Excess deaths rise, starting in Covid hotspot Eastern Cape

There have been more than 52 740 excess deaths in the past five months. Excess deaths, which loosely translates deaths above the average rate, have declined since the peak in middle to late July, but experts fear that South Africa could see another spike following the resurgence of Covid-19 cases in three provinces. 

Although it is not clear whether the pandemic has directly increased the weekly excess death rate — because people may have not been tested and died without knowing they had Covid-19 — infectious disease specialist Dr Richard Lessells suspects the number of deaths will rocket because of the resurgence. 

“The decline in deaths from the peak in July was clearly good news, but essentially this followed what we would expect based on the trajectory of the epidemic [the fall in cases].” 

This may have had an unintended consequence. “Unfortunately then some complacency set in and there was a sense among some people that we were over the worst of the epidemic, rather than that we had just passed through the first phase.” 

“As a result, we are now seeing an increase in deaths again — most noticeably in Eastern Cape, which is the first province to experience a significant resurgence in infections. This is extremely worrying. The deaths in Nelson Mandela Bay are already at a higher level than at the peak in the first wave in July,” Lessells said. 

He added that if the country did not respond aggressively to the signs of a resurgence in Gauteng, KwaZulu-Natal and Western Cape, there would be an increase in deaths in the upcoming weeks and months. 

Health Minister Zweli Mkhize visited the Nelson Mandela Bay metro to warn about the spread of the coronavirus. Last week the Western Cape health department confirmed that there is a 73% increase in new Covid-19 cases and 28% in new Covid-19 deaths. 

Based on the data, it seems there is a correlation between the uptick in excess deaths, a resurgence of cases and the number of deaths caused by Covid-19.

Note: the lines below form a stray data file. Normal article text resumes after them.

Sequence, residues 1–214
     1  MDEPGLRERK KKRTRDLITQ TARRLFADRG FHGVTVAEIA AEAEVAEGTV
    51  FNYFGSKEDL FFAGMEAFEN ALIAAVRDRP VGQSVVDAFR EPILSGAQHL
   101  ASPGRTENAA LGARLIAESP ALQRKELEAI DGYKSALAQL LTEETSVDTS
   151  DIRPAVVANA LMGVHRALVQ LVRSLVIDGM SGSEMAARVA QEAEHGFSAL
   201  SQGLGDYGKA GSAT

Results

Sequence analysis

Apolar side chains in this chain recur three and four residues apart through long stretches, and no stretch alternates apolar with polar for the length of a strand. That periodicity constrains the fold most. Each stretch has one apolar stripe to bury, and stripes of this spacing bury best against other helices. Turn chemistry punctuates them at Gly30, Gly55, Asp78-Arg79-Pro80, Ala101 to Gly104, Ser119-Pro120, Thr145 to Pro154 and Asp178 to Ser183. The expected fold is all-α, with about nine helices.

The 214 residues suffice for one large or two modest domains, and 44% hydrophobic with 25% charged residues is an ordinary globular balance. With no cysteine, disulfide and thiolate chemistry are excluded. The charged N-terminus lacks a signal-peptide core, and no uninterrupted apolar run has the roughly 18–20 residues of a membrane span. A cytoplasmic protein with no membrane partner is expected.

In mid-July there were 6 980 reported natural excess deaths versus 1 022 reported Covid-19 deaths in the same week. Covid-19 deaths peaked the following week with reported 1 889 deaths. 

Currently the cumulative number of confirmed Covid-19 cases is more than 790 000 and 21 500 Covid-19 related deaths. The South African Medical Research Council has reported more than 51 000 excess deaths since May to 17 November.

According to the report on weekly deaths in South Africa released last week, there has been a 6.1% increase in excess deaths nationally. Since the resurgence, the Eastern Cape has, at 13 602, the highest number of excess deaths, followed by Gauteng (12 730) and KwaZulu-Natal (7 795). Another emerging hotspot is the Western Cape, which has had 6 662 excess deaths. 

The Eastern Cape has more than 30% of the total number of new cases since the regulations intended to limit the spread of Covid-19 eased up from level two to level one lockdown. 

Lessells advised holidaymakers to comply with the regulations this festive season to avoid an uncontrollable spread of Covid-19

“The deaths are an inevitable result of allowing virus transmission to continue in our homes and communities. The most effective way to prevent deaths is to prevent infection and to break chains of transmission,” he said. 

“If we want to limit Covid-19 deaths, we need to get back to basics — we need to strengthen our systems for testing, tracing and isolation, then strengthen our cluster investigations.”

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